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Title:Reasoning about quantities in natural language
Author(s):Roy, Subhro
Director of Research:Roth, Dan
Doctoral Committee Chair(s):Roth, Dan
Doctoral Committee Member(s):DeJong, Gerald; Hockenmaier, Julia; Zettlemoyer, Luke
Department / Program:Computer Science
Discipline:Computer Science
Degree Granting Institution:University of Illinois at Urbana-Champaign
quantitative reasoning
question answering
natural language understanding
Abstract:Quantitative reasoning involves understanding the use of quantities and numeric relations in text, and reasoning with respect to them. It forms an essential part of everyday interaction. However, little work from the Natural Language Processing community has focused on quantitative reasoning. In this thesis, we investigate the challenges in performing automated quantitative reasoning over natural language text. We formulate several tasks to tackle some of the fundamental problems of quantitative reasoning, and address the problem of developing robust statistical methods for these tasks. We show that standard NLP tools are not sufficient to obtain the abstraction needed for quantitative reasoning; the standard NLP pipeline needs to be extended in various ways. We propose several technical ideas for these extensions. We first look at the problem of detecting and normalizing quantities expressed in free form text, and show that correct detection and normalization can support several simple quantitative inferences. We then focus on numeric relation extraction from sentences, and show that several natural properties of language can be leveraged to effectively extract numeric relations from a sentence. We finally investigate the problem of quantitative reasoning over multiple quantities mentioned across several sentences. We develop a decomposition strategy which allows reasoning over pairs of numbers to be combined effectively to perform global reasoning. We also look at the problem of effectively using math domain knowledge in quantitative reasoning. On this front, we first propose graph representations called ``unit dependency graphs'', and show that these graph representations can be used to effectively incorporate dimensional analysis knowledge in quantitative reasoning. Next, we develop a general framework to incorporate any declarative knowledge into quantitative reasoning. This framework is used to incorporate several mathematical concepts into textual quantitative reasoning, leading to robust reasoning systems.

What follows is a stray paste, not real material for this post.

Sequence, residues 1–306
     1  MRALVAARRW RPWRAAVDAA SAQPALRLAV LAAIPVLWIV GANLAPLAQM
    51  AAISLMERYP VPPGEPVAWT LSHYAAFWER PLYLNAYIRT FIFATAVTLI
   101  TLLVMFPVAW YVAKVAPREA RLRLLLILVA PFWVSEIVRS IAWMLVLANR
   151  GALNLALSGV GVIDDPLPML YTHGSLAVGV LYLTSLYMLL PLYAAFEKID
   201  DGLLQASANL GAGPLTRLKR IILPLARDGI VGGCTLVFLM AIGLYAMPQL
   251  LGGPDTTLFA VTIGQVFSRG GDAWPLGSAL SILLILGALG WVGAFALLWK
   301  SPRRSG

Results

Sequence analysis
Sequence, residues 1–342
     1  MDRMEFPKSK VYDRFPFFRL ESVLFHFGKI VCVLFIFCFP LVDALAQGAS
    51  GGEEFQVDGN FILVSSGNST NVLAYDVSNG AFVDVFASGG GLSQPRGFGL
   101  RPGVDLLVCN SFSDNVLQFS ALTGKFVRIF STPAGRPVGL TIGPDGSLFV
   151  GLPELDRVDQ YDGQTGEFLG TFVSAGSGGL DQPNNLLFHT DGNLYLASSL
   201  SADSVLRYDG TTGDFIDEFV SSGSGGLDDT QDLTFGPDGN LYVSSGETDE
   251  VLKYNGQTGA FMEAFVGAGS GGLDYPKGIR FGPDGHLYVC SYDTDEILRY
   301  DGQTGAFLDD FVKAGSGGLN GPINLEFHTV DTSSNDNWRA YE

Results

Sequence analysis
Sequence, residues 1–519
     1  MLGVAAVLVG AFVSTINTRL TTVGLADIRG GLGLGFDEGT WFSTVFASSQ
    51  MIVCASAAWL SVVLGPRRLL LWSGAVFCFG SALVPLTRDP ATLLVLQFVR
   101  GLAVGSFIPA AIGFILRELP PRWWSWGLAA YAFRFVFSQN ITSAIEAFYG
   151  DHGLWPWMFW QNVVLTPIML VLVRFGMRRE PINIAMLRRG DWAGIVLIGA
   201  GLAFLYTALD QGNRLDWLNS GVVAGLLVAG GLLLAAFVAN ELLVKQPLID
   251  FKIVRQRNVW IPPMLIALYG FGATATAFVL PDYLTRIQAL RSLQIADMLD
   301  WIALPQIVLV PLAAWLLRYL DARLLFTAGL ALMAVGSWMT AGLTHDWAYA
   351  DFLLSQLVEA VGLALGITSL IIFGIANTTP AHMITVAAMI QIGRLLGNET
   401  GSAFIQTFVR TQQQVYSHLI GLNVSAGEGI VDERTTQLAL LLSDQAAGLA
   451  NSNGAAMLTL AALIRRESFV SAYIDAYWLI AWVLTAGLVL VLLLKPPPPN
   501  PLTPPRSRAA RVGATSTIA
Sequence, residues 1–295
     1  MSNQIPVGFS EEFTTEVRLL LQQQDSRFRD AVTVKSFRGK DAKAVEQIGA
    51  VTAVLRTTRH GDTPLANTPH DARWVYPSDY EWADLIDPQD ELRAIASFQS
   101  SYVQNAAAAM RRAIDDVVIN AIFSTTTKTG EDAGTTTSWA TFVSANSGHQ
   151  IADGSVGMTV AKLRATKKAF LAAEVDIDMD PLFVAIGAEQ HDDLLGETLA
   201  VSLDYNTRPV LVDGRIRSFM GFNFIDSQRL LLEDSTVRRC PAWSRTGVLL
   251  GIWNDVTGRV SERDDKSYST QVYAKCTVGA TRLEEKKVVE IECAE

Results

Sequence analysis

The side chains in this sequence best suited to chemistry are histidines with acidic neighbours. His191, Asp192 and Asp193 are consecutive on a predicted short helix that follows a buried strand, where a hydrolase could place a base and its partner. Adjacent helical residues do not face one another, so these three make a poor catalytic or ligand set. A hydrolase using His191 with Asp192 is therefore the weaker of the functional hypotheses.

Issue Date:2017-07-10
Rights Information:Copyright 2017 Subhro Roy
Date Available in IDEALS:2017-09-29
Date Deposited:2017-08

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